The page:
Image by rich115, found on Flickr, licensed under Attribution ShareAlike License v. 2.0

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Tuesday 09 January 2007 Aardvark

Aardvark The Aardvark (Orycteropus afer) is a nocturnal, solitary animal, and is the only surviving member of the order Tubulidentata. It is placed alone in this order, because of its special teeth, which, instead of having a pulp cavity, have lots of thin tubes of dentine, each containing pulp and held together by cementum. Adults have only molars at the back of the jaw as teeth, the other teeth fall out. Its diet consists almost exclusively on ants and termites and the only fruit it eats: cucumber. The aardvark uses its front legs to dig out termites and ants and it uses them to create burrows. The aardvark weighs between 40 and 60 kilograms and is named after the Dutch words for "earth" and "pig". It lives in the sub-Saharan desert and is not threatened. Did you know "Aardvark" is the first word in your English dictionary ?

Picture of the Aardvark licensed under GFDL

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Monday 08 January 2007 Vervet monkey

Vervet monkey The Vervet monkey (Chlorocebus aethiops) are classified as vermin in Africa, where they occur in large numbers. They feed on the ground and sleep in the trees. Vervet monkeys live a life constantly running from being killed by humans. Males vary in size from 45 to 85 cm and weigh between 3.5 to 7.5 kg, while females, range from 40 to 60 cm in size and between 2.5 to 5.5 kg in weight. It lives in groups of up to 20 individuals. The Vervet monkey can become 20 years of age. You can help spreading the word about this animal by liking it on facebook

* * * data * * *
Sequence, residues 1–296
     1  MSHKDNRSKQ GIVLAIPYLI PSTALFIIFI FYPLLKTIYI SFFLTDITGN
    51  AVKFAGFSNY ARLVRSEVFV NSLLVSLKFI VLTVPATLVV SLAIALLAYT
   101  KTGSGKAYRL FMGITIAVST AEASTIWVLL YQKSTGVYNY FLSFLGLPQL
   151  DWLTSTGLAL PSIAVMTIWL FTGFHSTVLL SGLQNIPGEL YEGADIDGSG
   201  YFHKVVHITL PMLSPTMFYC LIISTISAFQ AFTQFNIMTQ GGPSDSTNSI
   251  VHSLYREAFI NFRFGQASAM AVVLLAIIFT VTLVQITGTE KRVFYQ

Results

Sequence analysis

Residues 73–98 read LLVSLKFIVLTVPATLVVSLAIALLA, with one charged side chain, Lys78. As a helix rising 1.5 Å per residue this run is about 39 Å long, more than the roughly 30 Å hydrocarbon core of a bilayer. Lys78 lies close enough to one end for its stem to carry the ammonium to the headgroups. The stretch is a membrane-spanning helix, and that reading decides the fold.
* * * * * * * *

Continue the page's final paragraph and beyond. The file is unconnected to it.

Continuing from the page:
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Wednesday 03 January 2007 Corsac fox

Corsac fox The Corsac Fox (Vulpes corsac) lives in the steppes and semi-desert of Central Asia. It does not dig its own burrows, but most of the time it takes over other animals' burrows. It is more social than other foxes and might even live together with other Corsac foxes in a burrow. Nocturnal in the wild, in captivity they are more active during the day. It is speculated that they have become more nocturnal in the wild, because of humans hunting the Corsac Fox, forcing it to become nocturnal. Their carnivorous diet mainly consists of rodents, pikas, birds and insects. They have a characteristic way to catch their favourite prey, rodents, by jumping in the air and dropping down on their prey.

Picture of the Corsac Fox by F. Spangenberg, licensed under GNU Free Documentation License.